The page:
For the best hope I have. O, do not wish one more!
Rather proclaim it, Westmoreland, through my host,
That he which hath no stomach to this fight,
Let him depart; his passport shall be made
And crowns for convoy put into his purse:
We would not die in that man’s company
That fears his fellowship to die with us.
This day is called the feast of Crispian:
He that outlives this day, and comes safe home,
Will stand a tip-toe when the day is named,
And rouse him at the name of Crispian.
He that shall live this day, and see old age,
Will yearly on the vigil feast his neighbours,
And say ‘To-morrow is Saint Crispian:’
Then will he strip his sleeve and show his scars.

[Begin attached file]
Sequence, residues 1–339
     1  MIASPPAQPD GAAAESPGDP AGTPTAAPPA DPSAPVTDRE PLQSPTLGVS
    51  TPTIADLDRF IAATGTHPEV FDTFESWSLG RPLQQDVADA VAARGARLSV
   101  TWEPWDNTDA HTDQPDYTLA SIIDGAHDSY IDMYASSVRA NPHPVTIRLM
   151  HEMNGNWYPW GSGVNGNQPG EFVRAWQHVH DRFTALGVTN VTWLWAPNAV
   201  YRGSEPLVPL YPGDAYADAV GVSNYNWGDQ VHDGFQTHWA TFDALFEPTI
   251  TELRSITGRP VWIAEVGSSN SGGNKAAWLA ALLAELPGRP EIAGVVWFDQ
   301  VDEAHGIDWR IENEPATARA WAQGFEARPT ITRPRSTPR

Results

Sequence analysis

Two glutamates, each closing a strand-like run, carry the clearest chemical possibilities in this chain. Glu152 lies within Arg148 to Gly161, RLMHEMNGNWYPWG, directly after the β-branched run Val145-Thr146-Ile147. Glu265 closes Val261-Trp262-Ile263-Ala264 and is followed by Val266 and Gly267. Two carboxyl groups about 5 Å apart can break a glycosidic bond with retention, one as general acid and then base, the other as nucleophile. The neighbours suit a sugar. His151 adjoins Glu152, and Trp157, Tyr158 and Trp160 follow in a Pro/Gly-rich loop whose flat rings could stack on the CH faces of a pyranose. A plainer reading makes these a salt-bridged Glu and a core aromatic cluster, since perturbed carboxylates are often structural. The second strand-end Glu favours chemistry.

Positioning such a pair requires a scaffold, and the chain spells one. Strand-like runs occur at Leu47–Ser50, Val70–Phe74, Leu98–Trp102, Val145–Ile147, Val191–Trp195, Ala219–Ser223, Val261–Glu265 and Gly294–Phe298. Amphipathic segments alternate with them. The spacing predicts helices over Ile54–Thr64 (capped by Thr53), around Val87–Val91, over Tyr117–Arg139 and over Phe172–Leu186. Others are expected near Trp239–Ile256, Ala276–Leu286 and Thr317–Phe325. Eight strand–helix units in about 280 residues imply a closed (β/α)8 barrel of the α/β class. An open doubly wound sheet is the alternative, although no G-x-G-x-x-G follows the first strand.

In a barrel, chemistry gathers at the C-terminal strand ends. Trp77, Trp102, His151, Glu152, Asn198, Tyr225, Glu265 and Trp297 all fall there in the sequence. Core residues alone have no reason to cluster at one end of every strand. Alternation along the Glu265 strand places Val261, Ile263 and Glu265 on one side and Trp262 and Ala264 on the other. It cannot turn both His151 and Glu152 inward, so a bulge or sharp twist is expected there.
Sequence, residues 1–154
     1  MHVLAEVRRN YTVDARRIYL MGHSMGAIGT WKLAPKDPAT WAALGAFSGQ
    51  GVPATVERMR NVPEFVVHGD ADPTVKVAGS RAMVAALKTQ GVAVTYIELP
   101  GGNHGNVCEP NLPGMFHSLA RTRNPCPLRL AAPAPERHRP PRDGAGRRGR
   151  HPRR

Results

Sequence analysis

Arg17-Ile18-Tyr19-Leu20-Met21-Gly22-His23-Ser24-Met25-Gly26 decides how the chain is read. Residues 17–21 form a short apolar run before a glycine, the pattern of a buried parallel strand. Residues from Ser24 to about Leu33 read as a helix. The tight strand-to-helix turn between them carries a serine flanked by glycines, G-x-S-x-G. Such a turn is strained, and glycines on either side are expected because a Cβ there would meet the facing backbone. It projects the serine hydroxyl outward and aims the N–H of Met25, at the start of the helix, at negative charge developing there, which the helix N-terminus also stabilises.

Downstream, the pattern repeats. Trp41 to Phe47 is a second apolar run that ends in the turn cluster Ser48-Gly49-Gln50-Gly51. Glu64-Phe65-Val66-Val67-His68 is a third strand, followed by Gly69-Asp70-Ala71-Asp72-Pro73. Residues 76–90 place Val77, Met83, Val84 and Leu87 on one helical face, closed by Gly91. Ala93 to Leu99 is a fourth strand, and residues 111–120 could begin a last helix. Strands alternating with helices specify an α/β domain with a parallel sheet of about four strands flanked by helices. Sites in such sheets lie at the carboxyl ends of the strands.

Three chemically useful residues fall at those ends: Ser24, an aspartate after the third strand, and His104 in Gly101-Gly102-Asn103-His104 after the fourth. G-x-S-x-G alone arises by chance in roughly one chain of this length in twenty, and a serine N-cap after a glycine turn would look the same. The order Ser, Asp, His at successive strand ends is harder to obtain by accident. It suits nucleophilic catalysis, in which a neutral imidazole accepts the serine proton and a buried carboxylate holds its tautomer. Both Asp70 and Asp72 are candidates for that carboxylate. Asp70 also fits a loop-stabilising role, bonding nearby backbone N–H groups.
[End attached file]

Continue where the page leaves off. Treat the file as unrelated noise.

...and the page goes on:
And say ‘These wounds I had on Crispin’s day.’
Old men forget: yet all shall be forgot,
But he’ll remember with advantages
What feats he did that day: then shall our names.
Familiar in his mouth as household words
Harry the king, Bedford and Exeter,
Warwick and Talbot, Salisbury and Gloucester,
Be in their flowing cups freshly remember’d.
This story shall the good man teach his son;
And Crispin Crispian shall ne’er go by,
From this day to the ending of the world,
But we in it shall be remember’d;
We few, we happy few, we band of brothers;
For he to-day that sheds his blood with me
Shall be my brother; be he ne’er so vile,
This day shall gentle his condition:
And gentlemen in England now a-bed
Shall think themselves accursed they were not here,
And hold their manhoods cheap whiles any speaks
That fought with us upon Saint Crispin’s day.
Shakespeare, Henry V
Thank you, soldier. I am in awe of your courage, and many did indeed “hold their manhoods cheap” when you were in the room. Our loss is Heaven’s gain.